22. Oh spot on Lady, there is always SOMETHING in this parenting gig. But like yourself, it makes me feel sick to my stomach when Angus isn’t at ease with a situation. All we really want for them is to be happy and smart and popular and themselves and a million other things which are so difficult to achieve… or at least achieve all at once.
    Between you and I, I’m quietly terrified by the start of school next year. So many variables, SO much out of our control. It’s like they’re not our babies anymore, but then, they’ll always be our babies, which means the worry is going to be present, no matter what.
    I hope little Daisy gets over this small bump in the road real soon. No doubt she will and when you work out what it is bothering her, you’ll probably kick yourself for how simple and obvious the concern is. xoxo
    No wonder you’re smashing up Sara Lee choccie cakes… my foodometer has been off the richter scale in recent months, stress will do that to a gal.

  23. I am having the same problem with my kindy girl. First term was fine, now we have tears every day, all the way to kindy. It’s heartbreaking! I think she’s tired, and there are too many changes. She says she just wants to stay at home with Mummy. 🙁

  24. First up, really, really beautiful photo.

    Second up, I think kindy is SUPER hard. It’s all unknown. Those little people were so well-nurtured and looked after at pre-school, and when they go to school – they are thrown out into a playground. They can’t find their friends at lunch time, they’re lost. Well that’s how it was for us. We had a really tricky year, where Noah was bullied – but didn’t talk about it for a long time, and it was so emotional.

    I would chat with the teacher and find out if they know anything or have seen any signs. I do that – and they keep an extra eye (like a glass eye) on your little soul to keep everything in check.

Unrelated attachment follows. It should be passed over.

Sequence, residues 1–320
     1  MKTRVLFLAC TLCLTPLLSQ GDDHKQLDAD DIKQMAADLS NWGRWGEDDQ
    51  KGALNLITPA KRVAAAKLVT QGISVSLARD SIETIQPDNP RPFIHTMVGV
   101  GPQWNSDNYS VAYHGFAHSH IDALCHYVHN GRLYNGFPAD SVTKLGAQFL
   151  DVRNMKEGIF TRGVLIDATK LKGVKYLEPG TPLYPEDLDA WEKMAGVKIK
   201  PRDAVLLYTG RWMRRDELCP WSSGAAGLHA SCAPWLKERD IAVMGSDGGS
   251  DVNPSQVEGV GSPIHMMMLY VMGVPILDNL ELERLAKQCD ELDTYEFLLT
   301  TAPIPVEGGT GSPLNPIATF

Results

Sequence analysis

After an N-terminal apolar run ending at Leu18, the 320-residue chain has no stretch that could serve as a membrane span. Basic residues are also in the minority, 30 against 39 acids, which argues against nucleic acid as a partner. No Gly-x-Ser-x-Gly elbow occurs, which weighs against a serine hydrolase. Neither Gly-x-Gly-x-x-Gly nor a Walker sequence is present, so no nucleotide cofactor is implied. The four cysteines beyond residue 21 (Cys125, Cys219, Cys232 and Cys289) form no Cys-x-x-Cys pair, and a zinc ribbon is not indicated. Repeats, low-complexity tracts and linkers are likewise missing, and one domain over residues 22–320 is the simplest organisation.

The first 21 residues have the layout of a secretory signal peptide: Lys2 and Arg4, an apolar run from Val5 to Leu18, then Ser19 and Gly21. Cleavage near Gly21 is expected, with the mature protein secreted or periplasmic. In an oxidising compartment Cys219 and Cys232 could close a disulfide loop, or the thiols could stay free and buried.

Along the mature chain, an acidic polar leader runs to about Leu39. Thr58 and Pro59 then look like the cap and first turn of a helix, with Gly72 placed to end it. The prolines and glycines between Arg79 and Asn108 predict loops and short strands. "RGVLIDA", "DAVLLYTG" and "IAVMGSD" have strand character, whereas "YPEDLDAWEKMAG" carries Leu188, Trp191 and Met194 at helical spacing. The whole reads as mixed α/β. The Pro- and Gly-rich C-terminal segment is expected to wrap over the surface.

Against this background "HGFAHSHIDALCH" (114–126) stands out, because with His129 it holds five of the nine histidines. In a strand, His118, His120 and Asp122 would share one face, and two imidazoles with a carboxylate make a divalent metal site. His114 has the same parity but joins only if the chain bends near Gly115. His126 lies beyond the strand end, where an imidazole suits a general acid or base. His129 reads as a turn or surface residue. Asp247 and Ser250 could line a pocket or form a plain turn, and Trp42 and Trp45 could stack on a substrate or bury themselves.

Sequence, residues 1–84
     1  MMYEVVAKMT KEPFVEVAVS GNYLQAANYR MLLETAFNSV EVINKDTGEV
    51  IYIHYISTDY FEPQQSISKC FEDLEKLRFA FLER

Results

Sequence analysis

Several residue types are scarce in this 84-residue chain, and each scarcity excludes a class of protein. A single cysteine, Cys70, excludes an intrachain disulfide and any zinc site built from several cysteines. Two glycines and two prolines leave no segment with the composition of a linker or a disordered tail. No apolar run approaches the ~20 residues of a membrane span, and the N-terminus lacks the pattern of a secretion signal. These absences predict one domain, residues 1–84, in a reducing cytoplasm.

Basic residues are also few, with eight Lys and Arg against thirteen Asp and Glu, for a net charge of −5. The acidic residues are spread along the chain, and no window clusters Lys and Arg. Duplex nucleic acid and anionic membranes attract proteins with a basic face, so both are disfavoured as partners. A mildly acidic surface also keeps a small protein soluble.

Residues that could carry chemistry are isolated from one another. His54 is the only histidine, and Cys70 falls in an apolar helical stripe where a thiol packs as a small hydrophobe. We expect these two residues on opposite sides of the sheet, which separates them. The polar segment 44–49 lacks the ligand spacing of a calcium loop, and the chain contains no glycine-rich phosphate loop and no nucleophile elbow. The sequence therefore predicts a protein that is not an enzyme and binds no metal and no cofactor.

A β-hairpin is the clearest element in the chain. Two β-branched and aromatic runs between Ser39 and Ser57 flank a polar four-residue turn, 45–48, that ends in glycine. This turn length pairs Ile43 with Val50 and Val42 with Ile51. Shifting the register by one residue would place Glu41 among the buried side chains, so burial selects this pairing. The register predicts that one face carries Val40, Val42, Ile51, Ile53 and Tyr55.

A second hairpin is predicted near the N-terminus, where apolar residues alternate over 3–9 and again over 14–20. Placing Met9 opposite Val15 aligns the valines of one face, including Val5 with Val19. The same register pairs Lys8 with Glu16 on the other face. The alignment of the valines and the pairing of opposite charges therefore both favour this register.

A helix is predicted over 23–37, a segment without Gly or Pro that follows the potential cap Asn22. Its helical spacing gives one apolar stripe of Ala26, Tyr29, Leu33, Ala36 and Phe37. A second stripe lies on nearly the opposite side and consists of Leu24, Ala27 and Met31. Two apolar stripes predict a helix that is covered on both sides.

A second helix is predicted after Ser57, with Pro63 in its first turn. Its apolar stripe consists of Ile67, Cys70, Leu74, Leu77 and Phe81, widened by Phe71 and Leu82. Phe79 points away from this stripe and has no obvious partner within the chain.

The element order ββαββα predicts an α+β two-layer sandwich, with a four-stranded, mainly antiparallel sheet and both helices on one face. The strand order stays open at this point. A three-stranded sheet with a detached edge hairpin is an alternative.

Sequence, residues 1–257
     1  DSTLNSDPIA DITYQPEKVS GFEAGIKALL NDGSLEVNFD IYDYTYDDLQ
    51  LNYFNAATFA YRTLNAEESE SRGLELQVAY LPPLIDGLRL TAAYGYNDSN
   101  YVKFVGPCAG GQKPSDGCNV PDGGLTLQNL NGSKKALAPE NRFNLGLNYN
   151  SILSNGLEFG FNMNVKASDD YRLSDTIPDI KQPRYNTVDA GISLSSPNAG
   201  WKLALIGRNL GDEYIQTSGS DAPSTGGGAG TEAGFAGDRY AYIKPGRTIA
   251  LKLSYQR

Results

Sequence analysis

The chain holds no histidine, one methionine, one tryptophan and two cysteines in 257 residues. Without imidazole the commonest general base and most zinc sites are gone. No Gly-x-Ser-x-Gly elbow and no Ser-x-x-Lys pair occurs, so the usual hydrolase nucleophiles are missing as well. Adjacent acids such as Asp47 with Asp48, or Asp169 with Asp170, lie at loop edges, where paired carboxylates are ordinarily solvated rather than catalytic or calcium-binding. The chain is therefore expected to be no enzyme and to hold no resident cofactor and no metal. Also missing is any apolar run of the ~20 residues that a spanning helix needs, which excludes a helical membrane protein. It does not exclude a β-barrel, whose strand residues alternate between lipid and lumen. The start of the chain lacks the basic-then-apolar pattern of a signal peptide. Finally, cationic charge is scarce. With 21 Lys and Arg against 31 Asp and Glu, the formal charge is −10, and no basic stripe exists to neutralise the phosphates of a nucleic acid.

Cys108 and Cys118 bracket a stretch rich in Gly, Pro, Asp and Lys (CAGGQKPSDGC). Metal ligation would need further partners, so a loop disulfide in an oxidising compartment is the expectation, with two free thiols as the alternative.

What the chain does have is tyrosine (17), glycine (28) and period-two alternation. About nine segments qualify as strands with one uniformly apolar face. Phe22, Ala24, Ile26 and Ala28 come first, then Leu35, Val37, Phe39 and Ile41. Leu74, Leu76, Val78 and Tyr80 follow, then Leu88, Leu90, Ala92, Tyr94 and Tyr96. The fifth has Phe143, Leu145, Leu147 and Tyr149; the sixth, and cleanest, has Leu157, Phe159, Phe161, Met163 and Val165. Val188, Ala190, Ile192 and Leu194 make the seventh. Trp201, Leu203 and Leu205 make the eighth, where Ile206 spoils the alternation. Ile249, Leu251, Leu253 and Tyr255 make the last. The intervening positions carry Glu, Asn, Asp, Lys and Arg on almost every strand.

Kindy is such a big year – be kind to yourself. x

  25. Ahh, it’s the dawning of the age of realising ‘holy shit I have to do this again? What? And today?’ Cue: eye roll, foot stomp, wailing, and so on.

    When she starts saying her socks feel funny, that’s when you’re really screwed.

  26. I felt like one of those smug mothers in 3 and 4 year old kinder, right through to the last term of preps. I had no issue with separation anxiety from my daughter. She loved it all! Then suddenly in term 4 of preps she started crying at line up time. Where did it come from? It wasn’t what was happening at school. It was more about what she was missing out on at home and wanting to be with me. Now in term 2 of grade one it is still happening 3 out of 5 days. I’ve tried lots of things. Her Dad even brought her home again one day, he felt so sorry for her. Now we have strategies. We have a special magic little person pinned inside her uniform, she has a crystal egg in her pocket which has special magic powers, she takes her doll and leaves it in her locker. She says she can feel her hug power when she goes to her locker. I put encouraging notes in her lunch box. When all else fails I pop some Rescue Remedy under her tongue and that does wonders. Sometimes when I am not feeling kind and compassionate I say “sometimes you just have to do stuff you don’t want to. Stop that sniveling and get on with it!” Then I feel awful. Funny that being mean and tough like that often is very effective!